Actor. Born William Franklin Beedle (professionally known as William Holden), on April 17, 1918, in the farming community of O’Fallon, Illinois. Holden spent his childhood in Monrovia, California, a rural suburb of Los Angeles, where his father started a fertilizer business. At the age of 18, Holden traveled to New York City, where he developed a penchant for stage acting. Upon his return to California, he joined a drama club and began performing at the Pasadena Community Playhouse.
While performing, Holden caught the attention of a talent scout who signed the 20-year old to a seven-year contract with Paramount Studios. With striking features and a sensual voice, Holden was invited to join an elite corps of promising young actors called the Golden Circle—a group that included Susan Hayward, Robert Preston, and Patricia Morison and was aggressively promoted by the studio. Holden’s first film credits included bit parts in the dramas Prison Farm (1938) and Million Dollar Legs (1939). Later that year, he landed the demanding lead role opposite Hollywood veteran Barbara Stanwyck in the gritty sports drama Golden Boy. Based on the award-winning play by Clifford Odets, Golden Boy was a story of greed and manipulation in the life of young boxer Joe Bonaparte.
Following an auspicious debut, Holden spent the next few years in a series of character roles, most notably that of George Gibbs in Our Town (1940). The following year, at the onset of World War II, he enlisted in the United States Army. When he returned to acting, he struggled to find suitable film work. After two frustrating years, Holden was cast in Blaze of Noon and Dear Ruth (both 1947). The following year, he landed a promising role as a GI struggling to adapt to postwar life in Apartment for Peggy. In 1949, after Montgomery Clift relinquished the part, Holden was cast as the opportunistic screenwriter Joe Gillis in director Billy Wilder’s scathing satire Sunset Boulevard. Costarring Gloria Swanson, the film was rewarded with eleven Oscar nominations, including Best Picture, Best Director, Best Actor (Holden), and Best Actress (Swanson).
In 1953, Holden won an Best Actor Academy Award for his portrayal of a callous colonel in Wilder’s caustic World War II comedy Stalag 17. The following year, he reunited with Wilder for the romantic comedy Sabrina, which starred Audrey Hepburn and Humphrey Bogart. After the film’s release, Holden traveled abroad and spent the next few years in Europe and Asia. While living in Japan, he starred opposite Grace Kelly in the film adaptation of James Michener’s The Bridges at Toko-Ri (1954). Over the next few years, Holden’s credits included such memorable films as The Country Girl (1954), Love is a Many-Splendored Thing, Picnic (both 1955), and The Bridge on the River Kwai (1957).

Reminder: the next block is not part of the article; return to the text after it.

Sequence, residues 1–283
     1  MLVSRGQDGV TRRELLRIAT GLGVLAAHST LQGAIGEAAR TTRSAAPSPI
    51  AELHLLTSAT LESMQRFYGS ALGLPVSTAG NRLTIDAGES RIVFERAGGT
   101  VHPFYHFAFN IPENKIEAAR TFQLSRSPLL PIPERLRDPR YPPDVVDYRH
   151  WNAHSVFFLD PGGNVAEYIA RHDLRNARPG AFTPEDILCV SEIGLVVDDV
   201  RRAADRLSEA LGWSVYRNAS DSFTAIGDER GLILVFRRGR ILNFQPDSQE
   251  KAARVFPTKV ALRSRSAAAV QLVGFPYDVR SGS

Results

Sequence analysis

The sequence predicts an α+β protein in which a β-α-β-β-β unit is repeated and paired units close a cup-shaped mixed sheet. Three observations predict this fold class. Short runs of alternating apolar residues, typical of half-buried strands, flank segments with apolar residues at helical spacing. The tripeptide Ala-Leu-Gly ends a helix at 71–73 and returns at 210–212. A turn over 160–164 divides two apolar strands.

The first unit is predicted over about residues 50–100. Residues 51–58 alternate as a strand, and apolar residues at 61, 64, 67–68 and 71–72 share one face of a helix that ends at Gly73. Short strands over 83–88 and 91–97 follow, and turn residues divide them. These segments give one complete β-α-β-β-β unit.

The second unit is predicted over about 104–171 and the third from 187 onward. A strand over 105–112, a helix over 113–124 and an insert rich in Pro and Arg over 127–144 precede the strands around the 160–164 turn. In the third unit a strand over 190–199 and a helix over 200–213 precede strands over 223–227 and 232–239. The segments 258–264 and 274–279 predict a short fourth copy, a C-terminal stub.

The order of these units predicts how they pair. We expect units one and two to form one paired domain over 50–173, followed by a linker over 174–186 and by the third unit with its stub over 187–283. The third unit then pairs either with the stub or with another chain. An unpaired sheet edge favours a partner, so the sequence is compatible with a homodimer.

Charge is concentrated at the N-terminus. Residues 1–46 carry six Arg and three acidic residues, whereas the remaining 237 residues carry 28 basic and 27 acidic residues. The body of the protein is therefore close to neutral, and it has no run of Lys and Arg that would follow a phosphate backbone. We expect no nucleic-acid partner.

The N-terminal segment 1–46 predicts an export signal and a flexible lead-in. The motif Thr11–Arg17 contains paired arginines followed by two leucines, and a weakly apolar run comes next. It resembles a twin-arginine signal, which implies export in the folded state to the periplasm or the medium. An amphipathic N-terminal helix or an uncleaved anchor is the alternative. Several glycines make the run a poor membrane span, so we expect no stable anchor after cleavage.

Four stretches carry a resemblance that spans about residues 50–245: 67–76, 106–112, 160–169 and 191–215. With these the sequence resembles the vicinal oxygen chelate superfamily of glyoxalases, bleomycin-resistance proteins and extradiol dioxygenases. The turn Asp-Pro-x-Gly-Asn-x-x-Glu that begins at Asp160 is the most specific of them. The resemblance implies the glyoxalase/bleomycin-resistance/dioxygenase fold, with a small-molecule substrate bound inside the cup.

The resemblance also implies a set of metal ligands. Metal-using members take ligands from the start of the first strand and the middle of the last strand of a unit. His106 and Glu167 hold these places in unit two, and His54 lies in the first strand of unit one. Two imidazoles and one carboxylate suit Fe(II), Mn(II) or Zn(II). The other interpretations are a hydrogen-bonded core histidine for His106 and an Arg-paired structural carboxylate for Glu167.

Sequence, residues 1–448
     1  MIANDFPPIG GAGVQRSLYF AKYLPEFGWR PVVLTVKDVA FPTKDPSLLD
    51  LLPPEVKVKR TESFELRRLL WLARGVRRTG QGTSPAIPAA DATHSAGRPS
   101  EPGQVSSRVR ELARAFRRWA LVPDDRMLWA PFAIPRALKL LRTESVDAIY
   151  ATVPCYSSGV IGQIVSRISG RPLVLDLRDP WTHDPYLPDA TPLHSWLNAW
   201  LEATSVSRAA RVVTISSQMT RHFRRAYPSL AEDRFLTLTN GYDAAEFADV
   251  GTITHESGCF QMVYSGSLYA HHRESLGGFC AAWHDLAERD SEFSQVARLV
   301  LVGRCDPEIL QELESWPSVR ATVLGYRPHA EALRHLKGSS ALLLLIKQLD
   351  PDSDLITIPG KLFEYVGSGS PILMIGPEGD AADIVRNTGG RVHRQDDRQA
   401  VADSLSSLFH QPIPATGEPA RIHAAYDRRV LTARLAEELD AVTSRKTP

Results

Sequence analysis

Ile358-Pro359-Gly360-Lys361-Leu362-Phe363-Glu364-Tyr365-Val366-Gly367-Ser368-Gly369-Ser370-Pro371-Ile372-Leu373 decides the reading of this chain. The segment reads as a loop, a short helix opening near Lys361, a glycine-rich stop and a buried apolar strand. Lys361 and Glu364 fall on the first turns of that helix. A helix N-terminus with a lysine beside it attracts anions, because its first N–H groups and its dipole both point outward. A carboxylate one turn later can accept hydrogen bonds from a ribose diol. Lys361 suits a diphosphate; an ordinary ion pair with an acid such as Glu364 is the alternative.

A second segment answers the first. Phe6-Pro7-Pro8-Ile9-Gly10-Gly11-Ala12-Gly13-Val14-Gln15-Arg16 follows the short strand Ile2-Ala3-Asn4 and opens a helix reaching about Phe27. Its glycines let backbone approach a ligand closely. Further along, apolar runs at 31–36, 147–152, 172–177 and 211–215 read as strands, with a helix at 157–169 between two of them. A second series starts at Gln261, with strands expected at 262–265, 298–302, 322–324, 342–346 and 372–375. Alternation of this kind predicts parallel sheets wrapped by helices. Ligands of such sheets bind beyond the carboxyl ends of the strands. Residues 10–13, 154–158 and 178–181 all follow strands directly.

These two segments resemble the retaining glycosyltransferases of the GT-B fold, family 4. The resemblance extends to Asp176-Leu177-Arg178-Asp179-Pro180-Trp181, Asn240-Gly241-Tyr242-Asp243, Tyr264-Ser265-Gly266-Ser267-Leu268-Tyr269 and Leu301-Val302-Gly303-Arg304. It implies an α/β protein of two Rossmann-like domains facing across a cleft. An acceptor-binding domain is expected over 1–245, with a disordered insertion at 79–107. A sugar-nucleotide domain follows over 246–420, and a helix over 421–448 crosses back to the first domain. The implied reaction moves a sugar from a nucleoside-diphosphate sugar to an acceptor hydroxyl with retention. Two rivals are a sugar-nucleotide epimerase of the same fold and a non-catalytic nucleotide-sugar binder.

In 1959, while visiting Africa, Holden developed an interest in wildlife preservation, a cause that he championed by purchasing 2,000 acres in Kenya with the intention of creating a protected animal reserve. In 1964, Holden traveled to France to film the romantic comedy Paris-When It Sizzles with Audrey Hepburn. Now in his fifties, Holden continued to command lead roles, starring opposite Ernest Borgnine in Sam Peckinpath’s revisionist Western The Wild Bunch (1969), with Paul Newman and Steve McQueen in The Towering Inferno (1974), and with Faye Dunaway and Robert Duvall in Network (1976).
In 1980, Holden retreated to his wildlife preserve in Kenya, but briefly returned to Hollywood to star in Blake Edwards’ S.O.B. (1981). On November 16, 1981, Holden was found dead in his Santa Monica apartment; his death was attributed to a forehead injury sustained from a fall while intoxicated.
In 1941, Holden married actress Brenda Marshall, with whom he had two sons. In 1967, he was convicted of manslaughter after colliding with another car while speeding down the Italian Autostrada; he was given an eight-month suspended sentence. Shortly thereafter, Marshall and Holden divorced. Holden has also had relationships with costars Audrey Hepburn and Grace Kelly, as well as actress Stefanie Powers.
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